The government’s toxic assets plan will force banks such as Citigroup, Bank of America and Wells Fargo to take large writedowns on their loans, requiring them to raise more capital from taxpayers or investors, executives and analysts have warned.
Senior bankers say the authorities’ latest drive, announced on Monday, to cleanse financial groups’ balance sheets by encouraging investors to buy troubled residential and commercial mortgages will prompt banks to record losses on those portfolios.
The government will also use its “stress tests” to force banks to take more aggressive provisions on these loans, creating a stronger incentive to sell. This process will increase the pressure on banks that have large loan portfolios to raise fresh funds from investors or the government if capital markets remain frozen.
The possibility of further government injections is set to weigh on banks such as Citi, in which the authorities are about to buy a 36 per cent stake, BofA, Wells and other recipients of federal aid.
“The unspoken fear here is that selling off loan portfolios would lead to more government capital injections into major banks,” said an executive at a large bank.
Citi and BofA declined to comment.
Wells said it would support “any plan by the Treasury that helps financial institutions efficiently sell troubled assets while still providing an investment return to the US tax payer”, but said it had not seen all the details of Treasury’s proposals.
Accounting rules allow banks to carry loans on their balance sheets at their original value and set aside a percentage of the losses expected over the lifetime of the loan.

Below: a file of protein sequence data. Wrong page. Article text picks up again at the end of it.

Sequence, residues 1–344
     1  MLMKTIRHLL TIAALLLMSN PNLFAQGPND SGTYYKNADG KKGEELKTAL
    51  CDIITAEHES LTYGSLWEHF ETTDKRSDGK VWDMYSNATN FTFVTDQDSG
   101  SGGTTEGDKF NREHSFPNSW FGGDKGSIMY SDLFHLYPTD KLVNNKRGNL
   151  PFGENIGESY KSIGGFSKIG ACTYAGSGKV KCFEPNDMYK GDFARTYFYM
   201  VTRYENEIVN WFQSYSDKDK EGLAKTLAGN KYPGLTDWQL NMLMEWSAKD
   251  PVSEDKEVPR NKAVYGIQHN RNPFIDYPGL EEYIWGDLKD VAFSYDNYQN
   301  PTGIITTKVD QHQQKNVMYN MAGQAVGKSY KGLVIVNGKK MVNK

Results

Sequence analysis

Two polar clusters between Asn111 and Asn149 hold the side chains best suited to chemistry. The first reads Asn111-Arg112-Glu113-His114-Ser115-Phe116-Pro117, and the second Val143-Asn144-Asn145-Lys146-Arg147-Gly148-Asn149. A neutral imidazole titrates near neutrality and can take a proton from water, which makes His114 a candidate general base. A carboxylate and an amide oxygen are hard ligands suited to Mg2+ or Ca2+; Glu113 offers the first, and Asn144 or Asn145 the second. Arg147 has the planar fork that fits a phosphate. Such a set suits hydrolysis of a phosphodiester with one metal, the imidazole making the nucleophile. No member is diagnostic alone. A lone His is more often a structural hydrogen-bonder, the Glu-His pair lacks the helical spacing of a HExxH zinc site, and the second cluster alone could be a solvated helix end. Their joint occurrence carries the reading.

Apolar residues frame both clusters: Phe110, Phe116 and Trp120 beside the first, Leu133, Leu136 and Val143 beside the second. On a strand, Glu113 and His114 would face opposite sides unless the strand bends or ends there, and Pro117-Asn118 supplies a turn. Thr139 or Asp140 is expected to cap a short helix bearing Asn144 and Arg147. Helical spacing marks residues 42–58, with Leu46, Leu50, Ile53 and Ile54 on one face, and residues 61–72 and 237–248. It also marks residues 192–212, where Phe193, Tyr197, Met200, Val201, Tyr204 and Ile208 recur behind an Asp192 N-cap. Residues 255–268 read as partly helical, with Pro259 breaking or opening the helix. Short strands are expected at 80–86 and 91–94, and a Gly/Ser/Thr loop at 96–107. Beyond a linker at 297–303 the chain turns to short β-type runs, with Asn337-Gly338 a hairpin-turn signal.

However, the government plan, which offers investors generous financing to buy banks’ distressed assets, will force institutions that sell loans at a discount to take a writedown equal to the difference between the original value and their sale price.
Some analysts believe the potential writedowns would deter banks from taking part in the plan, which was unveiled by Tim Geithner, Treasury secretary.
Richard Bove, an analyst at Rochdale Research, wrote in a note to clients: “[The plan] will not happen because it would destroy bank capital. It might cause a bank to fail the new stress tests under way. Banks will not take this risk.”
But while banks in theory have discretion over whether to sell loans, Sheila Bair, chairman of the Federal Deposit Insurance Corporation, said this decision would be made “in consultation with regulators” – a sign that the authorities might put pressure on banks to sell toxic assets.
Policymakers say the Geithner strategy is intended to fix the disconnect between the market and the banks by restoring investor confidence in their financial statements.
Outside investors and bank executives are miles apart in their assessments of the true capital position of the banks, making it impossible for them to agree a price at which to recapitalise.
By forcing a more realistic and forward-looking assessment of expected losses on bank loans through the stress test, and creating a secondary market that establishes the expected credit losses on loan portfolios, the authorities intend to force banks to write down these loans.